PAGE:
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Conditional Sentence Order in Canada Explained

According to our criminal lawyer Calgary, a conditional sentence is a criminal penalty requiring the convicted offender to serve their sentence outside the jail and meet specific conditions during their sentence. In other words, it’s considered a house arrest.

The courts often impose a conditional sentence order (CSO) for certain offenders to spend part or all of their sentencing term at home. It is essential to understand that CSO is still a criminal penalty. Like those who must serve their time behind bars, receiving a CSO means the conviction will appear on a criminal record.

What Is a Conditional Sentence in Canada?

A conditional sentence is a criminal sentence served within the community. In Canada, imprisonment should be a last resort in sentencing a criminal offender. A sentence of imprisonment is warranted when the offence is serious, when there are aggravating factors and when other sentencing options are not fit and proper.

CSOs require convicted individuals to follow the rules provided by the court, such as being under house arrest, reporting to a supervisor, and observing curfews. Someone with a substance abuse disorder might spend their time under house arrest at a treatment facility. The goal is to rehabilitate them back into society.

Judges can also impose conditions, requiring the convicted person to:

  • Give the DNA National Data Bank a sample of DNA
  • Follow a no-contact order regarding a specific person or place
  • Pay restitution to victims of the crime
  • Refrain from possessing a firearm or another type of weapon

A CSO requires house arrest 24 hours a day. That means you cannot leave your home unless you’re doing so for exceptions specifically included in your CSO, such as:

  • School
  • Medical and professional appointments
  • Work
  • Reporting to probation
  • Religious services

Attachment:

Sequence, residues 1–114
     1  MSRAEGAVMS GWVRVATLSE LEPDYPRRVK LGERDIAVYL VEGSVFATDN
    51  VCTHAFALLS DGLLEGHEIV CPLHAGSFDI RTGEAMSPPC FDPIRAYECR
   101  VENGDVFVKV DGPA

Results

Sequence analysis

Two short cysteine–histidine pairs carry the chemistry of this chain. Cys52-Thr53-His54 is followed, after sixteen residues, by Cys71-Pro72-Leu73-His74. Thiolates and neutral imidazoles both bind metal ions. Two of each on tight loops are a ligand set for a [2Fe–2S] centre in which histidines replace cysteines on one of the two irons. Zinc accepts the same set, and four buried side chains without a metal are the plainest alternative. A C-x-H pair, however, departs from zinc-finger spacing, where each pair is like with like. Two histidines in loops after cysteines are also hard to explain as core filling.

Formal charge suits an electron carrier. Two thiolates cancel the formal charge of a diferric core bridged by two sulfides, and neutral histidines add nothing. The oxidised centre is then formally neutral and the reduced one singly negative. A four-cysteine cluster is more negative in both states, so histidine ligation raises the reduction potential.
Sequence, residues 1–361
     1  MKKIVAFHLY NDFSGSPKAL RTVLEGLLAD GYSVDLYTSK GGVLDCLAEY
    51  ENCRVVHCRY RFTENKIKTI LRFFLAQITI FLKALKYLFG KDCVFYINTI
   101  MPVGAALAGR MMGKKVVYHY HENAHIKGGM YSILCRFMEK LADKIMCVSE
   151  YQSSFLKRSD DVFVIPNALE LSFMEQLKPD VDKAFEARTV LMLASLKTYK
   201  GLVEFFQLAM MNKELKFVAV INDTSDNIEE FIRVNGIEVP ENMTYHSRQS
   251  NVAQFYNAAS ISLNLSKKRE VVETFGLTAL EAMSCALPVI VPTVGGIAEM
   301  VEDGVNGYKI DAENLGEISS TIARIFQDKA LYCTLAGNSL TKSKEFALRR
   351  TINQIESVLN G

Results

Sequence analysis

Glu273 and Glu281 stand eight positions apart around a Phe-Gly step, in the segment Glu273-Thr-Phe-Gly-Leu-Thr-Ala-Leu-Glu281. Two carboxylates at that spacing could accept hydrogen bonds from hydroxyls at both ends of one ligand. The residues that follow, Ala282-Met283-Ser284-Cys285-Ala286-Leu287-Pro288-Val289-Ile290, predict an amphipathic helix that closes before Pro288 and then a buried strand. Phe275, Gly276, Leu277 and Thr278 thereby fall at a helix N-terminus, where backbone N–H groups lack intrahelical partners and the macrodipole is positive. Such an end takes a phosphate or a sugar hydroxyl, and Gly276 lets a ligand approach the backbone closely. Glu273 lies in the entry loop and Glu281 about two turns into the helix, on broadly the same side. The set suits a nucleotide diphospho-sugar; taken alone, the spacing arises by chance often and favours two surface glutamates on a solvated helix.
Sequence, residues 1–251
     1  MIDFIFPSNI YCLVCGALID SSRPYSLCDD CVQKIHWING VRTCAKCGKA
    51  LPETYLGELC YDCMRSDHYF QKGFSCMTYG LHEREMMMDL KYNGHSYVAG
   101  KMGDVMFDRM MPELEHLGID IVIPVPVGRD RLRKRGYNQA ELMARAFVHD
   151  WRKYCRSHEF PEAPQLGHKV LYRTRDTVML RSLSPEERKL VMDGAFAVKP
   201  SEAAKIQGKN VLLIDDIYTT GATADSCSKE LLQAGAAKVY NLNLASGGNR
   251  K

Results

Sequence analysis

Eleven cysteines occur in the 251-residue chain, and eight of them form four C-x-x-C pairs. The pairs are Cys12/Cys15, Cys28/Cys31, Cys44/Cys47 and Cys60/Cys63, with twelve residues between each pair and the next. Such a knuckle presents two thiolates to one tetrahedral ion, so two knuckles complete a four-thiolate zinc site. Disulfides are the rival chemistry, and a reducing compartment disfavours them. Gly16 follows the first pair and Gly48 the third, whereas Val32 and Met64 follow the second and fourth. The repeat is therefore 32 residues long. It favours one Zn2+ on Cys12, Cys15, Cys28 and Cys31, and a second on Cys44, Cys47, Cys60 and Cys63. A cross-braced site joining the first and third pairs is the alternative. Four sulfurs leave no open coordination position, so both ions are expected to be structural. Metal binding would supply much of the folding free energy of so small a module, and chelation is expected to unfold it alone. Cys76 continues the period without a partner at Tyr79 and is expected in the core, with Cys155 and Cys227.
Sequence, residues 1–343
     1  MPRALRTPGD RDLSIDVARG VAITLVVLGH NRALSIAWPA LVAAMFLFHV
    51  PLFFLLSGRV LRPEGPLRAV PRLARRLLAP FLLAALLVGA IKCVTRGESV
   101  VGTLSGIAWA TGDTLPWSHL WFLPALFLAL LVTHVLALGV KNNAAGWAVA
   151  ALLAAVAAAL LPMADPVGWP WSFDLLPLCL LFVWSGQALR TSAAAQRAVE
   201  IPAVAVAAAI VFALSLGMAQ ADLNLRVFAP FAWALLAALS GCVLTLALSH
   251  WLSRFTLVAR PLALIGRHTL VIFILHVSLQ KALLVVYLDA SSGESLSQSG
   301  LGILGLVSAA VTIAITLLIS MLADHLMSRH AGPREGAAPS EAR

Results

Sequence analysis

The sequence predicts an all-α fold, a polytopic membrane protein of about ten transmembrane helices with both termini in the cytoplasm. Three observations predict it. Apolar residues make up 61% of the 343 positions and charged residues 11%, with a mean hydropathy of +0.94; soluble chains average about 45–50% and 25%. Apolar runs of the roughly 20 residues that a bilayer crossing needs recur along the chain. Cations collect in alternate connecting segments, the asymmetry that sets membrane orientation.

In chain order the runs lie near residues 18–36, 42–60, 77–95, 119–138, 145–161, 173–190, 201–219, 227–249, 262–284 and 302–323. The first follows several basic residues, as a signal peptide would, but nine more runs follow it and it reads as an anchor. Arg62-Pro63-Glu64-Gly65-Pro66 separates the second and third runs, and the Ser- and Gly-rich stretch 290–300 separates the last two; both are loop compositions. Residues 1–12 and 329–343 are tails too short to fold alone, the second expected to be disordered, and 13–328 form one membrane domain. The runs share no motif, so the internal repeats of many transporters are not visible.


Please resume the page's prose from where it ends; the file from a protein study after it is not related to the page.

• Shopping for necessary items, such as medical supplies and food

Eligibility for a CSO in Canada

According to the conditional sentence order criminal code, if the court convicts someone of an offence and imposes a prison sentence of fewer than two years, an order for serving a sentence in the community for purposes of supervising the offender is permitted if:

  • The court is satisfied that the service of the sentence in the community would not endanger the safety of the community and would be consistent with the fundamental purposes and principles of sentence set out in the applicable sentencing sections of the Criminal Code
  • The offence is not an offence punishable by a minimum term of imprisonment
  • The offence is not an offence under section 239 (attempt to commit murder) torture or advocating for genocide
  • The offence is not a terrorism or criminal organization offence prosecuted by indictment where the maximum term of imprisonment is 10 years or more

Bill C-5 was recently enacted by Parliament which reformed Conditional Sentence Order eligibility. One reason for the reform was to ensure that sentencing judges had options and tools available because sentencing is not a “one size fits all”. Parliament ensured that CSOs would not be available for serious offences such as advocating for genocide, torture and attempted murder. Criminal organization offences were also carved out of the reform.

Penalties for a Conditional Sentence Order Breach

A common assumption about breaching a CSO is the court will require the remainder of the sentence to be served in jail. However, a judge can choose from multiple options if they determine you breached a CSO, such as:

  • No action;
  • Terminate the CSO and commit the offender to custody until the end of the sentence;
  • Suspend the CSO and direct the offender to serve a portion of the unexpired sentence in custody and the CSO to resume upon the offender’s release from custody with or without changes to the option conditions; or
  • Change the optional conditions.

The judge can’t increase your sentence beyond the duration remaining in your CSO. Sometimes, the court will include specific circumstances as time served. For example, the judge may decide you have already served part of your remaining sentence if a delay existed between the date the warrant was issued and the date of its execution.

A judge may also award time served in exceptional cases and in the interests of justice. That means the judge will consider the severity of the breach, whether you met the conditions of your CSO during the suspension period, and any undue hardships you suffered.

Contact an Experienced Calgary Criminal Lawyer

A CSO criminal sentence is a favorable alternative to serving time in prison. You should retain a criminal lawyer from Alberta Legal to determine whether you qualify for a conditional sentence. We could create a strategy to argue your case before a judge and convince them that imprisonment isn’t necessary.

At Alberta Legal, we advocate for our clients and fight to protect their rights. If you were arrested for or charged with a criminal offence in Calgary, do not hesitate to call or contact us online for a free consultation to learn more about your legal options. We can represent you during any stage of criminal proceedings, from an initial arrest to sentencing and appeals.

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